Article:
Martha Karua claps back at DCI for calling Azimio protests ‘illegal’
Martha Karua has slammed the Directorate of Criminal Investigations (DCI) for terming Azimio la Umoja – One Kenya Coalition demonstrations as illegal.
Her remarks came after DCI apologised for using old images to depict the chaos that happened during last Monday’s protests by Azimio la Umoja.
In the public apology DCI said there had been a mix-up of images in their prior communication, which was meant to appeal for information regarding the whereabouts of criminal suspects involved in Monday’s illegal demonstrations.
But in a quick rejoinder, Ms Karua maintained that last Monday’s protests were legal as per Kenya’s constitution.
“What do you mean by illegal demonstrations? Familiarise yourselves with the constitution of Kenya 2010 and respect people’s right to peaceful protest,” Karua tweeted.
What to do you mean by illegal demonstrations? Familialise yourselves with the constitution of kenya 2010 and respect peoples right to peaceful protest . https://t.co/iUKY4kk6ed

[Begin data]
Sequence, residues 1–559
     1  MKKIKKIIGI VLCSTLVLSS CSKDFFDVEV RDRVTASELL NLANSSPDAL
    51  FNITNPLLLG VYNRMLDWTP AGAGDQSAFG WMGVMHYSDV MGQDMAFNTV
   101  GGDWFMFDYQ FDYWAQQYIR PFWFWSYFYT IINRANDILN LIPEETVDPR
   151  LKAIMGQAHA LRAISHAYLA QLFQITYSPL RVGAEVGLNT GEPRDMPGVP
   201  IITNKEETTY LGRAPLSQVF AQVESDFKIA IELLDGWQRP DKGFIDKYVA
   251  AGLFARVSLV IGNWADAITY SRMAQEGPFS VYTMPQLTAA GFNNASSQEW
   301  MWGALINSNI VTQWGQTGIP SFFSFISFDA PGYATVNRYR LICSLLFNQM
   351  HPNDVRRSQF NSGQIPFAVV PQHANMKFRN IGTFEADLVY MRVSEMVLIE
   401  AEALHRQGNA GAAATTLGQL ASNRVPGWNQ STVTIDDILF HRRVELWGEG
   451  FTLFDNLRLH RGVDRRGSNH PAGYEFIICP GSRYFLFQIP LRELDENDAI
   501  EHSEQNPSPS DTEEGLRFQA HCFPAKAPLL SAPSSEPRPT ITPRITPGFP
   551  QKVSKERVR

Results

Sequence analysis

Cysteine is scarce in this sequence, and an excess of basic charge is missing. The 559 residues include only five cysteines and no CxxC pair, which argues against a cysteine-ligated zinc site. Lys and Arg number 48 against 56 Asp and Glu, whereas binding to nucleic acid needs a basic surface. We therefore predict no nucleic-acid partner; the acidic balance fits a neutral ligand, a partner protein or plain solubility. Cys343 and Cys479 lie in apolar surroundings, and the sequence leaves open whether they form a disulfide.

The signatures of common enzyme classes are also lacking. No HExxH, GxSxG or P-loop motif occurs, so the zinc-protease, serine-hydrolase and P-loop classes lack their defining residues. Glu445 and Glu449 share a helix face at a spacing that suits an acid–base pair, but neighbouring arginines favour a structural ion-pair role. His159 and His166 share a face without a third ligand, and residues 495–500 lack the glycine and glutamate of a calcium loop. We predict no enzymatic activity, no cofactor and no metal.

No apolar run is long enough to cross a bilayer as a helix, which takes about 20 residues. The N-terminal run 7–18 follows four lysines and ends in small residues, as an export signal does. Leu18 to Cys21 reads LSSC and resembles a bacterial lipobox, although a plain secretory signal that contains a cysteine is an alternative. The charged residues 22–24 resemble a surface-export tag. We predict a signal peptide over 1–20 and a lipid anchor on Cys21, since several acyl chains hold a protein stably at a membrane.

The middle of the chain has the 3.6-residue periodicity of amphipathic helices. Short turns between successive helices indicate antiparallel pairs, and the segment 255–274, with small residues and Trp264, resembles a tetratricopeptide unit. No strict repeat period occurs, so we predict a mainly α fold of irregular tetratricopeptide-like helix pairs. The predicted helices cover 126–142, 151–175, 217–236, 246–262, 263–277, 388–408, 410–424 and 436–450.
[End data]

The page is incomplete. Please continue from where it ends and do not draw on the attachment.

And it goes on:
— Martha Karua SC (@MarthaKarua) March 25, 2023
A day before the protests, Nairobi Regional Commander, Adamson Bungei, had stated that protests were illegal and that the opposition coalition did not notify the authorities three days earlier as required by law.
“You are allowed to do all that is allowed by the constitution, you shall notify the regulatory officer of such intent, at least three days but not more than 14 days before the proposed date of such a meeting or procession. Therefore, any person that will participate in the planned demonstration is notified to do so peacefully as guided by the constitution of Kenya,” Bungei said.
Regardless, the Raila Odinga-led coalition went on staged a massive protest that practically shut down most business activities in Nairobi on a day of chaos characterised by running street battles between opposition supporters and anti-riot police officers.
Thereafter, DCI published images on their official Twitter account seeking information regarding the whereabouts of individuals whom they said were behind destruction of property during the protest. But the agency has now owned up to using old photos of incidents that were unrelated to the Azimio protests.
Investigations by Taifa Leo showed that some of the photos used were from long ago and cannot be whatsoever linked to the riots.
Further, some of the photos were taken in other countries while some photos were manipulated using Google Reverse Image Search technology to give a fake illustration of the real situation on the ground.
For instance, the photo that showed a man in a white cap throwing a teargas canister was taken on January 17, 2008, in Kibera, Nairobi. That photo is owned by Getty Images and was taken during the deadly 2007 post-election violence at the slum.